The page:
China fines club, issues match-fixing bans
BEIJING -- Shanghai Shenhau has been stripped of its 2003 league title and fined $160,000 as part of a new round of sanctions aimed at rooting out match fixing in the Chinese Super League.
The Chinese Football Association also banned 33 officials and players for life at the conclusion of a three-year investigation into corruption in the CSL, the Xinhua News Agency and other state media reported Tuesday.
Among those banned were former association chiefs Nan Yong and Xie Yalong, who were sentenced last year to 10½ years in prison each.
Shenhua was also docked six points for the coming season as part of its punishment for fixing the result of a game against Shanxi Guoli on its way to the 2003 title. Another 11 clubs were fined up to $160,000 and docked from three to six points for bribery and match fixing.
Messages were left seeking comment from Shenhua spokesman Ma Yue, and it was not clear if the club would appeal its punishment.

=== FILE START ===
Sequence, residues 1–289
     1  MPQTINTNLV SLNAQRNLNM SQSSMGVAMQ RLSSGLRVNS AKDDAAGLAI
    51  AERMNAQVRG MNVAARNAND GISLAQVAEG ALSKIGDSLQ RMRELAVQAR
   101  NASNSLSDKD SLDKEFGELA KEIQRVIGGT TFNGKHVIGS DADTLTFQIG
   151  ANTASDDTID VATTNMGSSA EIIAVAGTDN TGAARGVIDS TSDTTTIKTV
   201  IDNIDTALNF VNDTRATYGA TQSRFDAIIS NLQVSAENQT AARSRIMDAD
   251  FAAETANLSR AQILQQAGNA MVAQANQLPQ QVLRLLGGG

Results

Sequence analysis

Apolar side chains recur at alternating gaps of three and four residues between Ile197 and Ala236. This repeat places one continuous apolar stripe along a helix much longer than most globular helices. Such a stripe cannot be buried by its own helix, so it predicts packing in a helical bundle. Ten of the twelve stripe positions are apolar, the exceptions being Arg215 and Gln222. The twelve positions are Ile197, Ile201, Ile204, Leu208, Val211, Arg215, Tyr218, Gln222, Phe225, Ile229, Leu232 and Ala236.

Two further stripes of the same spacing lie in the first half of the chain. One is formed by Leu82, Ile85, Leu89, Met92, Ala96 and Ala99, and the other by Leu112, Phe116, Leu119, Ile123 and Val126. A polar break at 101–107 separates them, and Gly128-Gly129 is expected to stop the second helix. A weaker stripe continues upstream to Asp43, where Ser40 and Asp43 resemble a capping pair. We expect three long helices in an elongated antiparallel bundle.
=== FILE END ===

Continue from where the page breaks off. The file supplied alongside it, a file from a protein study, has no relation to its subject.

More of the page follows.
Also handed lifetime bans were former deputy association head Yang Yimin, 2002 World Cup referee Lu Jun and four former Chinese internationals -- Shen Si, Qi Hong, Jiang Jin and Li Ming -- all of whom were earlier sentenced to up to six years jail for bribe taking. Violations cited by the CFA included match fixing, bribe taking and receiving, and gambling -- some of them dating back a decade or more, Xinhua said.
Soccer-mad China has made some progress in reining in rampant corruption that many blame in part for the national team's poor international results. Last year's sentences were seen as a warning that the legal system was serious about the issue, and fans have largely returned to stadiums to cheer on their favorites in the 16-team CSL.